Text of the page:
Sunday, April 21, 2024

WandaVision is a Much-Needed Risk for the MCU

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I clicked play on WandaVision with no real idea what to expect. I had seen one trailer I do not remember. There were previews involving some kind of black-and-white, old-school sitcom concept. The timeline remained a mystery. Everything about the show was a complete mystery to me.

Now, after two episodes, everything is still a mystery. Two episodes of WandaVision did little to enlighten me as to what in the world I am watching. I still don’t know why there is a sitcom setup or who has planted Wanda and Vision in this reality. I cannot say that Vision really exists here. I am not even sure how good the show really is or will be.

Right now, I could not care less. WandaVision’s premiere episodes were remarkably fun, and I want more. They were the most unique concept I have ever seen from the MCU and exactly the breath of fresh air Marvel needed as it prepares to launch the next phase of its colossally successful live-action empire.

Both episodes work as a spoof of the Bewitched concept, with Vision as the working husband who suffers from misfortunes that Wanda’s magic helps fix. They are still exactly who they were in the movies. Vision has to hide that he is a robot, while Wanda has to hide her powers. Their struggles to do so place them in classic conundrums involving talent shows and dinner with the boss, with flying lobsters and literal gummed up innards.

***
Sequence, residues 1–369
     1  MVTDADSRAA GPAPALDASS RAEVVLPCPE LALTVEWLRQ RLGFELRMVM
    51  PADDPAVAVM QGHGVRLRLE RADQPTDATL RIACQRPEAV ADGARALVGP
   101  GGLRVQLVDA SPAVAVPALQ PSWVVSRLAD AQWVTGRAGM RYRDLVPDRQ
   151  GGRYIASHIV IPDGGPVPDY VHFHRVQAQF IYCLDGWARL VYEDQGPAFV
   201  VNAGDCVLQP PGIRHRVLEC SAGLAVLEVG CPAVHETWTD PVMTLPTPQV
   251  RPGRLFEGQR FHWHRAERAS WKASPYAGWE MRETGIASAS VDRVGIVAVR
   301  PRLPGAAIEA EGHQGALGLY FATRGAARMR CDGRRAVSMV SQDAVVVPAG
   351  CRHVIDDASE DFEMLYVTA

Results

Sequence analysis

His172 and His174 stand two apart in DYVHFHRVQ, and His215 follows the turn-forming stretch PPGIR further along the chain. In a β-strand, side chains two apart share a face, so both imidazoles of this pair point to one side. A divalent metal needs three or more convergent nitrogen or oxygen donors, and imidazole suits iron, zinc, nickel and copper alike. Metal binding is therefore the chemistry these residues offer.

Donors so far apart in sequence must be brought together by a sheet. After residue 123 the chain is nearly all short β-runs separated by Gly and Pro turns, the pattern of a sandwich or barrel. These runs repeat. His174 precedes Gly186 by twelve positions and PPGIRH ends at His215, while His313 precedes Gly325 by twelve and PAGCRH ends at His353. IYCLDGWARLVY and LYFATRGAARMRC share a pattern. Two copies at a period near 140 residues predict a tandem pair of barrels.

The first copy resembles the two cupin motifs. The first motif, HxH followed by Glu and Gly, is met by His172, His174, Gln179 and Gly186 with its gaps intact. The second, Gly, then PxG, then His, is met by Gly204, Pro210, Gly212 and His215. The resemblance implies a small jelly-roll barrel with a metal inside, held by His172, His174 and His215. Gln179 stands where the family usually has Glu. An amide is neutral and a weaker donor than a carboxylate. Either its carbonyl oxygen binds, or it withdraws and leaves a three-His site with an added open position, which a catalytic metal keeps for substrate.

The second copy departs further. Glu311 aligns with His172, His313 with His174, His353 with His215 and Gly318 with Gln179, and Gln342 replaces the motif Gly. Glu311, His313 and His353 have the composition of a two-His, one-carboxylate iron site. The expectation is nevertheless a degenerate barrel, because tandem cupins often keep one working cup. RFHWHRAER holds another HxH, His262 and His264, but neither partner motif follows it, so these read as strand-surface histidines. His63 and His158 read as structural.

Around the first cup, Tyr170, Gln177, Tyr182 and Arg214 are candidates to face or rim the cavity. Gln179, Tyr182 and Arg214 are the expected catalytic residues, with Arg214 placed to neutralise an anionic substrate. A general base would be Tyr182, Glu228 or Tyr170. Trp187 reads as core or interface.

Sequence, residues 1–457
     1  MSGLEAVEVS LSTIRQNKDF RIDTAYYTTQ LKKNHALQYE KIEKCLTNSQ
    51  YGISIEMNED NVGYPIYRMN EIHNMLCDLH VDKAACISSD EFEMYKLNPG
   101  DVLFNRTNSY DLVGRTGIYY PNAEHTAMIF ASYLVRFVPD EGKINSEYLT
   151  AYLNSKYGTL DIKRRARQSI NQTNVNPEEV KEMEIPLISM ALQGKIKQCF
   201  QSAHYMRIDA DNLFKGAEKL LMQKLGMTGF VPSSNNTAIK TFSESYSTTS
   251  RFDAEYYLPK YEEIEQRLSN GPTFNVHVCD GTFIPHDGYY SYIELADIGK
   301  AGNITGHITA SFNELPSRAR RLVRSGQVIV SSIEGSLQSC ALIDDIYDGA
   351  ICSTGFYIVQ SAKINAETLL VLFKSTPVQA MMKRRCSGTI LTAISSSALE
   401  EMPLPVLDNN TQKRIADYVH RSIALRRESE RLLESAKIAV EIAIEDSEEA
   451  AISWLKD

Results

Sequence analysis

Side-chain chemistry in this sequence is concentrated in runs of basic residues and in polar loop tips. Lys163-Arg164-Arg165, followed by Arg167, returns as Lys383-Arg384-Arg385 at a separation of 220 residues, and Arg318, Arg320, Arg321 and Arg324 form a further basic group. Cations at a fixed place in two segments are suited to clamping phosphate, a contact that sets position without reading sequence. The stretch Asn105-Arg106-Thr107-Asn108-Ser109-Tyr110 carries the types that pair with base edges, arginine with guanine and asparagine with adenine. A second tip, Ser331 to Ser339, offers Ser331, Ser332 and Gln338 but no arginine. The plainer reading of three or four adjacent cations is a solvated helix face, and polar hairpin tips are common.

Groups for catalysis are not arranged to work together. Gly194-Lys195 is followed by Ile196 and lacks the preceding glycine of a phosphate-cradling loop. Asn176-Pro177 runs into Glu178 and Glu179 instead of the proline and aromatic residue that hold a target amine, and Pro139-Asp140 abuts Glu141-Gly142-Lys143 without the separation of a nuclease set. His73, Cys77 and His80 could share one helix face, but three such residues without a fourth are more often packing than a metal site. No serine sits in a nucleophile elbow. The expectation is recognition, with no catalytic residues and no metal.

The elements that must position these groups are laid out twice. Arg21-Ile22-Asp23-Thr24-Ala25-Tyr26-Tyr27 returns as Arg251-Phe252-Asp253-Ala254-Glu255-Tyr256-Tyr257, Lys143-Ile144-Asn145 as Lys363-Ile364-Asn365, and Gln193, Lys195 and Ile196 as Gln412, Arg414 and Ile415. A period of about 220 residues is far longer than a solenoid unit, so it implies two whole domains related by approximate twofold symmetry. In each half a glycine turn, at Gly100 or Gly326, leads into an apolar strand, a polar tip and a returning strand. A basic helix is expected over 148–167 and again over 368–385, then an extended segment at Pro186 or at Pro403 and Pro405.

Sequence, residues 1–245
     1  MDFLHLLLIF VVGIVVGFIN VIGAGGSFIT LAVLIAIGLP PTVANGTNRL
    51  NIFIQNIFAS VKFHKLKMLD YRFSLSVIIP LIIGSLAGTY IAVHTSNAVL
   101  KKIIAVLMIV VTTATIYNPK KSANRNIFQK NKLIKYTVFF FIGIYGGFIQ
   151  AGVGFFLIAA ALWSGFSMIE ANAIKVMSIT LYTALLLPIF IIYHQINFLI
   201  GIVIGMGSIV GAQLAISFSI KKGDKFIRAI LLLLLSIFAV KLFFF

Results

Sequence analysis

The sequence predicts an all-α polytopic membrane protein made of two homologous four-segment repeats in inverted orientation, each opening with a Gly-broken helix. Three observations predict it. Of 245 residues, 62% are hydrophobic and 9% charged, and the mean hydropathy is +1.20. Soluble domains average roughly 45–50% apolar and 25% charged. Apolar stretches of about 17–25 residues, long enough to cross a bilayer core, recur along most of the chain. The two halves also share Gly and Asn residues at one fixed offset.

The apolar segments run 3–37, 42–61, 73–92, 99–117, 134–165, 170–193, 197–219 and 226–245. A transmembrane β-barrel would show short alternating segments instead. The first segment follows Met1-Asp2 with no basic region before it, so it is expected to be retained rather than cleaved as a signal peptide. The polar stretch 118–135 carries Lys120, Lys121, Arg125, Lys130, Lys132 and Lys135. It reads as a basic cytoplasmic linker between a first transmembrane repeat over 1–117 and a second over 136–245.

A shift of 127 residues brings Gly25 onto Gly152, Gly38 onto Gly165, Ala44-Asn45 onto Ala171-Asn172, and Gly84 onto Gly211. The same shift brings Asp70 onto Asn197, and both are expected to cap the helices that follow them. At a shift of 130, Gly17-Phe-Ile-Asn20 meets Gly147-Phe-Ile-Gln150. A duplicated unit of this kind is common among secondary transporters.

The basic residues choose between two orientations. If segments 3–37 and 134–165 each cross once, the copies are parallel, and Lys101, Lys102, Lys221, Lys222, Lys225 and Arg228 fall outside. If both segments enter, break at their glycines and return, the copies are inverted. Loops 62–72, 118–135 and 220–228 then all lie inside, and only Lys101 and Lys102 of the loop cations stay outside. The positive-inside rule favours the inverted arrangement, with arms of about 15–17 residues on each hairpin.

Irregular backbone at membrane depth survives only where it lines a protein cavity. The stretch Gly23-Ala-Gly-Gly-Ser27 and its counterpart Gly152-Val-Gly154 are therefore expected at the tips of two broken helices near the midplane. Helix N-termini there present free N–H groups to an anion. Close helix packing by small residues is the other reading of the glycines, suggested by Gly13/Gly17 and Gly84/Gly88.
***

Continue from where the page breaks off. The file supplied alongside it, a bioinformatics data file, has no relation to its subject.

In that way, it reminds me somewhat of the movie Pleasantville, yes, and Pleasantville is an easy comparison to make. I think that major difference of Wanda and Vision being unaware that they do not belong makes the whole concept better than that movie, though.

I was not sure what direction WandaVision would go with this sitcom spoof concept, but thankfully they played it completely straight. There is no mean-spirited mocking of these classic shows, and no attempt to apply any realistic, modern twist to them. Wanda and Vision have a bit of a fish out of water feeling, as neither seems to understand basic concepts about their surroundings, but there is little focus on whether they belong or not, because they think they do. They only hide their powers, so it feels more like Samantha in Bewitched.

WandaVision plays as a loving tribute to some of the original classics of television, with any mocking of the concept purely out of love and respect for how they paved the way.